If you've ever grinned somewhat guiltily and turned up the volume when the irreverent, synth-driven 1982 single "She Blinded Me With Science" comes on the radio, you already have an appreciation for Thomas Dolby.
The British singer-songwriter, keyboardist and producer is perhaps less known for his other contributions to music, though one of his innovations has been famous -- truly, instantly recognizable in every industrialized country in the world -- for the better part of three decades.
Dolby, 57, has had a long and varied career since his charting singles in the '80s. He's been a successful session musician and educator (he's currently a professor of the arts at Johns Hopkins University), a composer for video games and films, and a technology entrepreneur. His passion for innovation in sound recording and engineering intersected nicely with Silicon Valley's first tech boom in the '90s when he founded Headspace, then Beatnik, a company that created the RMF, a groundbreaking new file format for digital music. It was there, too, that Dolby adapted the nearly 100-year-old classical guitar composition "Gran Vals" into the first polyphonic ringtone, now commonly known as the "Nokia tune."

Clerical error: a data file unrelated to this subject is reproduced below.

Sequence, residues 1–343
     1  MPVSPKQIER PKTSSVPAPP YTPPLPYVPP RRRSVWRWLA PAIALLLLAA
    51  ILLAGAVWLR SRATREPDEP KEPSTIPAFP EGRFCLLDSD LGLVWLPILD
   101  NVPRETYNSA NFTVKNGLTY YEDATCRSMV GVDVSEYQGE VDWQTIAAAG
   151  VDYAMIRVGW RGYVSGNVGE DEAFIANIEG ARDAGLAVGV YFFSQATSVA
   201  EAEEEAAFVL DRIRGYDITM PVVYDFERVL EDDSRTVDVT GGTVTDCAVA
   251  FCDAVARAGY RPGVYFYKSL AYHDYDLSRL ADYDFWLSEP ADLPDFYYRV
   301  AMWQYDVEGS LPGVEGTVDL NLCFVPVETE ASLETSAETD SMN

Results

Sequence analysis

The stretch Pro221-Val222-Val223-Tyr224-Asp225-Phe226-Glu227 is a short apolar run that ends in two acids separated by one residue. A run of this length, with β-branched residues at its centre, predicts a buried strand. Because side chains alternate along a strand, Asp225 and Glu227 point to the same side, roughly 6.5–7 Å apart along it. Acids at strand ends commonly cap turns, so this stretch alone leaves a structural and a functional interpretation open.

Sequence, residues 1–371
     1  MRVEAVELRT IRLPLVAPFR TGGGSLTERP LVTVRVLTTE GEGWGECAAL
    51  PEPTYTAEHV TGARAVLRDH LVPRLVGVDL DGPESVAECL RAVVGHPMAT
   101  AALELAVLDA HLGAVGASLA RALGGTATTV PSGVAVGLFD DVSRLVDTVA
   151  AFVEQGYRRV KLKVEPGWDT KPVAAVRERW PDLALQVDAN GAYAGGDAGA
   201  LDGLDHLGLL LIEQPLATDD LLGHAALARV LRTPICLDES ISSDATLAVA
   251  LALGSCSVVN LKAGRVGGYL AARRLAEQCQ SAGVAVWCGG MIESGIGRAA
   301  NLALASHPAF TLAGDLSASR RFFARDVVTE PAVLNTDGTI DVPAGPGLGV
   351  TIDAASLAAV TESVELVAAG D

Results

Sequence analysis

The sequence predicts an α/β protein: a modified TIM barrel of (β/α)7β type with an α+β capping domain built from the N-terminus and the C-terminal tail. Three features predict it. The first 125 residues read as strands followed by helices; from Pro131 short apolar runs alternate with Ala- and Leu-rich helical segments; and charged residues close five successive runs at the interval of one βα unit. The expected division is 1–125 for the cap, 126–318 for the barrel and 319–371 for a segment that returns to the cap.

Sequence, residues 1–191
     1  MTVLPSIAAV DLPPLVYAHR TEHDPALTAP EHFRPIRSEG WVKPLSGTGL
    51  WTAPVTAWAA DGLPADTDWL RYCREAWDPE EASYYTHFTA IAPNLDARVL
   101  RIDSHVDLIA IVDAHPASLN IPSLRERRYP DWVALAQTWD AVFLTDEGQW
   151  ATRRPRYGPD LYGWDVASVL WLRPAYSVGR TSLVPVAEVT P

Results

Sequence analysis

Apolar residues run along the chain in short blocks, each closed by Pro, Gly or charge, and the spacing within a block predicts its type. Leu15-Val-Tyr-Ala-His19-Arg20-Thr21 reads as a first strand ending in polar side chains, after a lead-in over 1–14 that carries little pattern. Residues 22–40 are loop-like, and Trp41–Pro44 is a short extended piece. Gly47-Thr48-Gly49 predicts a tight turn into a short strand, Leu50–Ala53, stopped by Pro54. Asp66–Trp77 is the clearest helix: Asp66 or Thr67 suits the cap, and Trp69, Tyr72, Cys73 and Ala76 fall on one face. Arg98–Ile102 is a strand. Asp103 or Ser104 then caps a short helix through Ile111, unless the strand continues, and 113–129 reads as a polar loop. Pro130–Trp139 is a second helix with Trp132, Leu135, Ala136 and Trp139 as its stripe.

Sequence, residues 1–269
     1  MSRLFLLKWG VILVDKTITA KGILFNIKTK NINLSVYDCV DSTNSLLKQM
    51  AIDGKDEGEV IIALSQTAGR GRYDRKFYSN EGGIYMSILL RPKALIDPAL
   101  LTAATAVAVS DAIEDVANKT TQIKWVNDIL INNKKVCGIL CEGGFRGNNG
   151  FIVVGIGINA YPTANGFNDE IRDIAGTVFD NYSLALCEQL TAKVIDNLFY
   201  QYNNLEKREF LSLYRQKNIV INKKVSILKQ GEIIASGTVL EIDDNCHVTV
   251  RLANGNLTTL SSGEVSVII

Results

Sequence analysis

Dolby will regale audiences with this tale, among others, when he reads from his new autobiography The Speed of Sound on Friday, Oct. 14 at the Swedish American Hall in San Francisco. The event, just one of Litquake's many music-related offerings, will see Dolby in conversation with Mythbusters' Kari Byron; he'll also perform a handful of songs.
Perhaps worth noting, for those more drawn in by the book name than anything: Oct. 14 just so happens to be the anniversary of the 1947 flight that broke the sound barrier, too.
Thomas Dolby appears on Friday, Oct. 14 at the Swedish American Hall, 2174 Market St. in San Francisco. 8:30pm. Tickets ($15) and details here.